Sunday, December 9, 2007

La Dame Aux Camélias

I shall continue my rambling on about Sicily later, (aren't you glad?) But now I shall tell you where I have been recently to glean a soup·çon of pity and perhaps a few bouquets of out of season flowers arranged in Lalique vases.
Being bedridden as I was suffering recently from a bad cold, I used the down time to stage, in bed, a few fashion shows, one runway hair extravaganza called "Black hair is...." and finally a few small plays, petite theatrical vignettes really, starring the stuffed animals that share the bed with Mr. Moose and myself.
Yes, Yes, I have a very rich inner life....... I know.

"The Crucible", (with "The lamb" brilliantly portraying Tituba), "Mourning becomes Electra" and “Titus Andronicus” were great hits and then "Dark Victory" really raised the roof. (I used dimmers throughout the play for effect.)
With the gathered crowd of plush raving madly for more, I thought I would share the final play in the (cough and cold) season of the Théâtre de le Cornichon.

Masticated and regurgitated, here is the Alexandre Dumas (fils) classic "La Dame Aux Camélias"
*Marguerite was played by "Poli" the polar bear (in a fetching pink fall) and Armand was portrayed by "The Monkey".
(The role of Marguerite was originally to be played by a special guest star, the neighbors cat, but the Tylenol 3 wore off and kitty became unruly.)

Marguerite: Armand, you have come back to me! (coughs bloodily, spraying the wall and the audience- very performance art-ish yes?)

Armand: (Approaching Marguerite, he tries to embrace her, but she draws away) Yes, my frail camellia, I have realized the folly of my ways. Forgive me, Marguerite. Come with me to our little cottage in the countryside and we shall live in happiness together! There we shall have cupcakes! And cheese!

Marguerite: (Coughs bloodily again, some of the blood staining Armand's lapel) Alas, my love, alas. It is too late! I fear I will not last the night. Got a Ricola?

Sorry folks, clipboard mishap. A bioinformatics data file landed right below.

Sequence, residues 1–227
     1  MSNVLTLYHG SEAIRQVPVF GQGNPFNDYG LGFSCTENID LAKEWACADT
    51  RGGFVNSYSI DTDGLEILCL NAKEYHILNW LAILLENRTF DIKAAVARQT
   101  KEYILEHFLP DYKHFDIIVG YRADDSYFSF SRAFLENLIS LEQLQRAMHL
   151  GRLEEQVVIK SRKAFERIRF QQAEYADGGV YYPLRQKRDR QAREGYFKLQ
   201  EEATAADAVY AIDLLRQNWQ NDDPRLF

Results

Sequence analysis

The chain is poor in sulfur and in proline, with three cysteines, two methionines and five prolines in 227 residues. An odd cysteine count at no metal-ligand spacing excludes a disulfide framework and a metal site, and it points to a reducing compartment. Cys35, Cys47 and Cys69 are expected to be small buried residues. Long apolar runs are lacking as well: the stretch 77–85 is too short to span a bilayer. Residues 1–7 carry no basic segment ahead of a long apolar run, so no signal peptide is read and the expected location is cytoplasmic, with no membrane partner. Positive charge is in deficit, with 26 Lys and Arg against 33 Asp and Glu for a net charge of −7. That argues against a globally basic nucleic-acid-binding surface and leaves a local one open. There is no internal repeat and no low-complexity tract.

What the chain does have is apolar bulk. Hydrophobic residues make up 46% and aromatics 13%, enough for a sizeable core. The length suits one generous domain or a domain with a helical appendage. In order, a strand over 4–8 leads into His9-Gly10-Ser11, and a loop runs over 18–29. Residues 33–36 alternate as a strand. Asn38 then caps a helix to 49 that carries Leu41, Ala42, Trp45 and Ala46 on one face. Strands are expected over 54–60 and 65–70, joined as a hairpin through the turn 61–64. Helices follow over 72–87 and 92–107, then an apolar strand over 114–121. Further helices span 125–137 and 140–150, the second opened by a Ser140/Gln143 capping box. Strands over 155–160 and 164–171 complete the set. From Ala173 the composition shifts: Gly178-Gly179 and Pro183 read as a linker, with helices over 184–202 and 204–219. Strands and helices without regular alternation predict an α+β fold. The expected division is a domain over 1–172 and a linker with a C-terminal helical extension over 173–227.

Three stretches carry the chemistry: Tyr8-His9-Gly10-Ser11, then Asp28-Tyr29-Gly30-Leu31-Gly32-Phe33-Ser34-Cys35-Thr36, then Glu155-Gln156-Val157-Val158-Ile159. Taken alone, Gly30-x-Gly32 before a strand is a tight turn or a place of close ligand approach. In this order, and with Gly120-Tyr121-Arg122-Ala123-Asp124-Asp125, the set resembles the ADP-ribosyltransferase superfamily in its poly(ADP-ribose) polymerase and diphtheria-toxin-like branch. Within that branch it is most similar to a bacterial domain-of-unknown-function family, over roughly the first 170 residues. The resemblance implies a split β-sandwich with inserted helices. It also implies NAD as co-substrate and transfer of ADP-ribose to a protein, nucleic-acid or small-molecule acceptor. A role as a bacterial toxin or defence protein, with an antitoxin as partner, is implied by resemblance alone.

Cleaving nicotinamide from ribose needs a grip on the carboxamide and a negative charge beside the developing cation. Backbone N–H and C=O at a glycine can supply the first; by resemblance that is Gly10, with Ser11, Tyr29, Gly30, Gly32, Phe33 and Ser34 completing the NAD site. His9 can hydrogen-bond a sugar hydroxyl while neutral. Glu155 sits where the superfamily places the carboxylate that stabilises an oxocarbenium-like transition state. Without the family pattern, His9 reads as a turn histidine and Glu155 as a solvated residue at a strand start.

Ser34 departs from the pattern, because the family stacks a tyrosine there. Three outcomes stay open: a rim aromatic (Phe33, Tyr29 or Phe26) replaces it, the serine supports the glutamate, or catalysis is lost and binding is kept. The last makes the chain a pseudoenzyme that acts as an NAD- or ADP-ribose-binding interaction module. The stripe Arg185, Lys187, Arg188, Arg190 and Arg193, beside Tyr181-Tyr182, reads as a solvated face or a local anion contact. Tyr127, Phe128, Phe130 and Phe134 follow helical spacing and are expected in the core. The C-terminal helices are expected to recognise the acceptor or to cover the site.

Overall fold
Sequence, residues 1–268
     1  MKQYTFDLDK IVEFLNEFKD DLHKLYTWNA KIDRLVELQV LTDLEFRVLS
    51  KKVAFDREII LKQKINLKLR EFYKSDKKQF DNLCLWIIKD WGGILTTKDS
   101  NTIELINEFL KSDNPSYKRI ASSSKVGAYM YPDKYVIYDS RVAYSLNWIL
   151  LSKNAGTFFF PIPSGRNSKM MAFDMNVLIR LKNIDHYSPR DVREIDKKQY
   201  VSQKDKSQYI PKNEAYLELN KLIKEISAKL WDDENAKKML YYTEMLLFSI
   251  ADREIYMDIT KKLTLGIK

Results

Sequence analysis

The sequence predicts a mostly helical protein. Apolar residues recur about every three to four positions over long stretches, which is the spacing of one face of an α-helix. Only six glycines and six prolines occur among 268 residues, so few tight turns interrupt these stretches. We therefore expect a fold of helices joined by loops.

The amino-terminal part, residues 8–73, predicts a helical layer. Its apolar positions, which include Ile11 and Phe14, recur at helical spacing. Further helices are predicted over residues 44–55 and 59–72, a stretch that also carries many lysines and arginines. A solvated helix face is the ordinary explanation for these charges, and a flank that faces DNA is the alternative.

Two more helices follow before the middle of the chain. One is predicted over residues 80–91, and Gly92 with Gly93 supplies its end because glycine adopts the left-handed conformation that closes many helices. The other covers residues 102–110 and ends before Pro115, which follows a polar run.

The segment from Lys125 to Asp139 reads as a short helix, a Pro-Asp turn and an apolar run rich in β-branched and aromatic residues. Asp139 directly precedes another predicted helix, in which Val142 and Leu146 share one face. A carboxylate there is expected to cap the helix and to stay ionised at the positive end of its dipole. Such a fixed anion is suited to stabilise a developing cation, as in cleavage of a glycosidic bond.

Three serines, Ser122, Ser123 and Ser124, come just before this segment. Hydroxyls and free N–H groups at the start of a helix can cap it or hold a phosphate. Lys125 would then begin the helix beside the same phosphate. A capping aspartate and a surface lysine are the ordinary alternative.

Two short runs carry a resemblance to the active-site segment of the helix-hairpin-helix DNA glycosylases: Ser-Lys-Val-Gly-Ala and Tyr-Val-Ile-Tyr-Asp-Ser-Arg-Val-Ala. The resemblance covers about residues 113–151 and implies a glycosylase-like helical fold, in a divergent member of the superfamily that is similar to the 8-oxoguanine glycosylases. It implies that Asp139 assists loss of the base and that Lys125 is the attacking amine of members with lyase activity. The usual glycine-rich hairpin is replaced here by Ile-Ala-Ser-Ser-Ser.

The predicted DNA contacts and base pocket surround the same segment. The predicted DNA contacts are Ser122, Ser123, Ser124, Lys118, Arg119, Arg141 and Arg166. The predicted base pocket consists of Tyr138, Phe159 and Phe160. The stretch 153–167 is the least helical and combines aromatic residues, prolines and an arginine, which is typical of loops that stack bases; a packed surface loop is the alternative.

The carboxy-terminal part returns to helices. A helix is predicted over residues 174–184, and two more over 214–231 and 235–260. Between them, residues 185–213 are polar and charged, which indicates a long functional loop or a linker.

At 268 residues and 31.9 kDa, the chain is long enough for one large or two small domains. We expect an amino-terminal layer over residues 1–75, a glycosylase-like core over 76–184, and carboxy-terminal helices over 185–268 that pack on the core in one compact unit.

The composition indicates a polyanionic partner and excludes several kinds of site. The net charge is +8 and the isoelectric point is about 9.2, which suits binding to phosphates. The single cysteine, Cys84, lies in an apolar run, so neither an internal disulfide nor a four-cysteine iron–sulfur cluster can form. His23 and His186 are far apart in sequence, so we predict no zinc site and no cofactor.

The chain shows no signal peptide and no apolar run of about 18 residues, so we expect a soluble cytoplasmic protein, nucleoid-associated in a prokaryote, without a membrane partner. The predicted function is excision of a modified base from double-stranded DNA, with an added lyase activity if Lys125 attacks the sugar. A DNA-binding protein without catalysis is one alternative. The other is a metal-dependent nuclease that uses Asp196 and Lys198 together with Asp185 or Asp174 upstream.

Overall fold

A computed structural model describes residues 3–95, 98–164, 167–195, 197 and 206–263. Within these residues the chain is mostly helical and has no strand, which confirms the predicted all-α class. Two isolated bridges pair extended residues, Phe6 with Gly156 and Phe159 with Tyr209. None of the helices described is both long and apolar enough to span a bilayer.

Armand: Don't speak like that, my Marguerite! You were strong enough to give up our love for my sake; you are strong enough to beat your consumption!

Marguerite: Would that it were so. Dearest Armand, my lungs may give out, but my heart will live forever. It will beat for you, my love, long after I have left this wretched existence. Oh, consumption junction, whats your function? (kak-kak)

Armand: You cannot leave me, Marguerite, you must not. (He takes her in his arms, she pees a little.)

Marguerite: Careful, dear, I'm hemorrhaging. Place one more sweet kiss on my lips and I can die content. (she haks up a loogie)

Armand: (debating where she means the kiss to land, he kisses her on the cheek) Mon dieu! Has Olympe been feeding you bad Chinese food? And I fear my love that your vagina needs a mint.

Marguerite: Alack, alas and woe is me... I indeed have that "not so fresh feeling." I feel my heartbeat slow and my spirit starting to slip from me.... (kak)

Armand: How would you know that, Marguerite? You were a courtesan, not a doctor.

Marguerite: Yes, I know, and I made good money too. But I gave it all up to love you, Armand, (kak) and now that I am about to depart, I have no regrets. In addition to consumption, I would have gladly suffered typhoid fever, the plague, a yeast infection and even worked for Kimora Lee Simmons for just one kiss!

Armand: Oh, my Lady of the Camellias!

Marguerite: Armandy-poo! (Coughing up blood one last time, Marguerite sinks down into her bed, farts and dies)



Here is a drinky to lift ones spirits after any stellar performance in bed!

Death in the Afternoon!_________________________________________________________
Supposedly one of Hemingway's favorites when in Paris. It is such a pretty bubbly green thing that one can hardly imagine the wallop it packs...

25 oz chilled Champagne (not the cheap shit please, the good stuff you get as gifts from your friends)

5 oz Absinthe or Pernod licorice liqueur
Pour the pernod into the champagne flute and top off with the champagne.

serves 5 (you and several stuffed animals, although after a few snootfulls you will resemble a stuffed animal)
Bon chance!

1 comment:

Evn said...

I was in a play once called The Ladies of the Camellias, which was a fictional, comedic account of a meeting between Sarah Bernhardt and Eleonora Duse backstage at a theatre in Paris. (Or, as our director made us pronounce it, "Pah-RHEE.")

Your version sounds way funnier than ours. Probably more audience-accessible, too.

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